Advantages of Rubber Tapping

by Maria Kielmas; Updated September 26, 2017
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Natural rubber occurs in the extracted sap, or latex, of a rubber tree. The Para rubber tree, Hevea brasiliensis, is the most economically important latex source. Latex is present in tube-like vessels within the soft inner bark of this tree. There is no latex within the tree’s wood or in its outer bark. Hevea grows to a height of over 140 feet. The tree is vulnerable to frost as low temperatures make its rubber brittle.

History

Hevea is native to the Amazon rainforest where it grew exclusively until the late 19th century. In 1875, British planter Henry Wickham smuggled the tree’s seeds from Brazil to Kew Gardens, London where they germinated into seedlings. British planters took the seedlings to colonial plantations in Ceylon (Sri Lanka) and Singapore where they developed the rubber tapping process. The Brazilian and Peruvian rubber industries could not compete with East Asian products and collapsed, except for family smallholdings. Southeast Asia now accounts for 95 percent of the world’s rubber supply.

Tapping

The rubber tapper begins by making an oblique incision into the tree and shaving off a thin sliver of bark. The cut severs the latex vessels, allowing the latex to flow down the cut in the bark. It collects in a cup attached to the tree beneath the cut. Flow ceases after a few hours as the latex coagulates at the bottom of the severed vessels. The tapper repeats the process every two or three days, progressively moving the cut down the tree trunk.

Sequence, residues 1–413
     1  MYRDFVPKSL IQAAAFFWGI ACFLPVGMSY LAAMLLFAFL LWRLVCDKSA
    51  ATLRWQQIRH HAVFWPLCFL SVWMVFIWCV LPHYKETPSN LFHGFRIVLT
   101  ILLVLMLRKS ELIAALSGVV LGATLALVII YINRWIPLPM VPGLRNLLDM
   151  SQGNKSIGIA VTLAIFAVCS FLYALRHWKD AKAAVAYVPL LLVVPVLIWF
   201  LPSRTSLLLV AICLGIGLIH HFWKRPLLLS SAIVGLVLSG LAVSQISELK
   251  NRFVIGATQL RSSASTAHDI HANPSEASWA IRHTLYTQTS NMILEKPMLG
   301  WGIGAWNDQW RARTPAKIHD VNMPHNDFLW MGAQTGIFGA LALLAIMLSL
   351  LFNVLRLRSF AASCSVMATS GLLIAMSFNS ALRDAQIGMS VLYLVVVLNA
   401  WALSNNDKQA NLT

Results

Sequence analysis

Tree Preservation

Certain varieties of rubber trees, such as the Guayule shrub, contain rubber within the tree’s stem. Rubber extraction involves cutting down the tree and grinding the wood. The advantage of tapping latex is that it preserves the tree for future rubber production as well as rainforest conservation.

Sap Recharging

The Hevea tree has a growth lifetime of up to 30 years and an economic (latex production) lifetime of up to 25 years. It continues to grow throughout the tapping process and produces new latex to recharge its vessels. As a result, the tree’s economic advantage is that it yields more rubber during one year of tapping than its total rubber content at any one time.

About the Author

Based in London, Maria Kielmas worked in earthquake engineering and international petroleum exploration before entering journalism in 1986. She has written for the "Financial Times," "Barron's," "Christian Science Monitor," and "Rheinischer Merkur" as well as specialist publications on the energy and financial industries and the European, Middle Eastern, African, Asian and Latin American regions. She has a Bachelor of Science in physics and geology from Manchester University and a Master of Science in marine geotechnics from the University of Wales School of Ocean Sciences.

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